“The rationale behind this is to bring the public health services to the people, rather than us sitting up at the hospital waiting for the people to come to us,” says Secretary of Health Dr Josephine Hermann.
“As always, it’s down to money and we are waiting for the budget so that funding can be allocated.”
She says the Health Ministry needs money to pay for maintenance, petrol and other necessary items such as warrants of fitness.
“We will take it on the road slowly, just at the one venue for a couple of hours a week to begin with.”
She envisages that dentists, nurses and other clinical staff from the hospital will man the bus.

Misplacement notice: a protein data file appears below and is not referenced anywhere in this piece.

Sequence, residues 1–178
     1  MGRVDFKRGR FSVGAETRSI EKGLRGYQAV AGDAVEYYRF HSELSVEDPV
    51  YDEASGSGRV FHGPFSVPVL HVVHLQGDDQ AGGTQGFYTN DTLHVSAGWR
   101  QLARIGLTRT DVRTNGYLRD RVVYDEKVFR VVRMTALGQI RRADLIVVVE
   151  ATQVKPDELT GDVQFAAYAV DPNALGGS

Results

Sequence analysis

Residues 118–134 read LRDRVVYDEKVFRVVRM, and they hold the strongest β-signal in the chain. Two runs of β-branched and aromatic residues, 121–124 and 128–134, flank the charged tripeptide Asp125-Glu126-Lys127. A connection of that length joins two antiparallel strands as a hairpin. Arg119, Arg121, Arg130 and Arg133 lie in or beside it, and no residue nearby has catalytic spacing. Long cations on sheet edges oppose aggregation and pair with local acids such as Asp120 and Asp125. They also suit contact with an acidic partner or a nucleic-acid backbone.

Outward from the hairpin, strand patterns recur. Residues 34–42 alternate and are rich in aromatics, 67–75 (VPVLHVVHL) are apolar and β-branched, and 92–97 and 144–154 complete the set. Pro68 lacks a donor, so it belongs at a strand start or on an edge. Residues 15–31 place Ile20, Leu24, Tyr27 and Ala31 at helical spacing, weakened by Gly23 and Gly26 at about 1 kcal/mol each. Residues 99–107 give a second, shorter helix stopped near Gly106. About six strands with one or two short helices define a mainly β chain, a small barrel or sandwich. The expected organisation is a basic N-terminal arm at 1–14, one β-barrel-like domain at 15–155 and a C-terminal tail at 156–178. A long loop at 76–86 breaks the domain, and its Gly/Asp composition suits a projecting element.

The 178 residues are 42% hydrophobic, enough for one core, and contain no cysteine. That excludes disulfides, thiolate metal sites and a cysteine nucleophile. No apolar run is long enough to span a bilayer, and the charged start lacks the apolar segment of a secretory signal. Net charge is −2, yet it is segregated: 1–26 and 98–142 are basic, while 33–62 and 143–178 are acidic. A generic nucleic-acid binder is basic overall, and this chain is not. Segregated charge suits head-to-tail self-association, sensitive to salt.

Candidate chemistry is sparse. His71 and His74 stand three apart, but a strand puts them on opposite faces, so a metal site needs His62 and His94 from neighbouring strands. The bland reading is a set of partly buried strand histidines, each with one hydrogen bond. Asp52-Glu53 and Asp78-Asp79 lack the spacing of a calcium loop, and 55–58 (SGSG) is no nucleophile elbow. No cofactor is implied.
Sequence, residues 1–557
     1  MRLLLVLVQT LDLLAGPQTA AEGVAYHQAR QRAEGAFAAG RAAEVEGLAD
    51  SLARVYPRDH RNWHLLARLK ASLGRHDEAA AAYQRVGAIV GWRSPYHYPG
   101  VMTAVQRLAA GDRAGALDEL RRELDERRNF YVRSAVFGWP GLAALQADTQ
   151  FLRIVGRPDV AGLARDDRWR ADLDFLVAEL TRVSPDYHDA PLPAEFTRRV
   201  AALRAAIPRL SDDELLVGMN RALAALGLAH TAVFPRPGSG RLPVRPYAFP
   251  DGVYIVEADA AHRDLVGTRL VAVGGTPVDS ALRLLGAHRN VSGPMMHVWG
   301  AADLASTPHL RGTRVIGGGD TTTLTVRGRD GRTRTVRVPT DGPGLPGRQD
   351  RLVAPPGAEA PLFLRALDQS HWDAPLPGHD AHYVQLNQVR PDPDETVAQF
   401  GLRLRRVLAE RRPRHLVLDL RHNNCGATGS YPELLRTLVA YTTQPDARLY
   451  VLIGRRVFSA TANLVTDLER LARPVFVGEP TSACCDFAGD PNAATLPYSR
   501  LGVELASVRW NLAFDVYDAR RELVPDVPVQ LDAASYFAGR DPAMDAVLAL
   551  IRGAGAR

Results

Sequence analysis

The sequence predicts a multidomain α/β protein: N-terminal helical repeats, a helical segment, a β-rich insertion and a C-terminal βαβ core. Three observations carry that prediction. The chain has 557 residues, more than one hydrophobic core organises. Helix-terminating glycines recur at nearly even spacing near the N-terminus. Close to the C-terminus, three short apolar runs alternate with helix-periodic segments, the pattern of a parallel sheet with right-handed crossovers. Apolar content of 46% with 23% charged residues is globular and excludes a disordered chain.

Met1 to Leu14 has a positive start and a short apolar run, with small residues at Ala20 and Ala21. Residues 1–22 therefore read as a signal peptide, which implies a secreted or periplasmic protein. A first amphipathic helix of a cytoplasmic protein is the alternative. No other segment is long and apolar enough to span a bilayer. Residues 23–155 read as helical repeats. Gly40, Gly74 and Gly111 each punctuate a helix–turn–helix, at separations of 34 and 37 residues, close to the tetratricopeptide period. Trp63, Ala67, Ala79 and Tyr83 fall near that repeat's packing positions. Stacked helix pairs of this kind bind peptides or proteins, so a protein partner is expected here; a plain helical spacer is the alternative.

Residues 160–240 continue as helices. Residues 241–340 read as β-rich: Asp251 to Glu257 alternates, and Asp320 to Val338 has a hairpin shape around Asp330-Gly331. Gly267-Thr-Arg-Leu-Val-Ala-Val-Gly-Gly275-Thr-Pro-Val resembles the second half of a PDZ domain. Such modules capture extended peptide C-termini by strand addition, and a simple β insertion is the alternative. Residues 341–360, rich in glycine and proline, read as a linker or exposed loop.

“It’s a way to get general practitioners away from the hospital and into the community.
“Once that is underway, and we do need the community to buy into it – if the community uptake is good, we can look at extending the hours.”
Once the first venue for the bus is up and running, it is hoped that a second venue can then also be established, probably at Arorangi.
The bus was donated to the Ministry of Health by New Zealand transport company director Paul Snelgrove of Tranzit Group, after the idea was first touted by the Masterton South Rotary Club in New Zealand.
The Rotary club oversaw the fit-out of the vehicle, from supplying hospital equipment to installing solar power and an air conditioning unit. Graphics decorating the bus are the work of a local designer.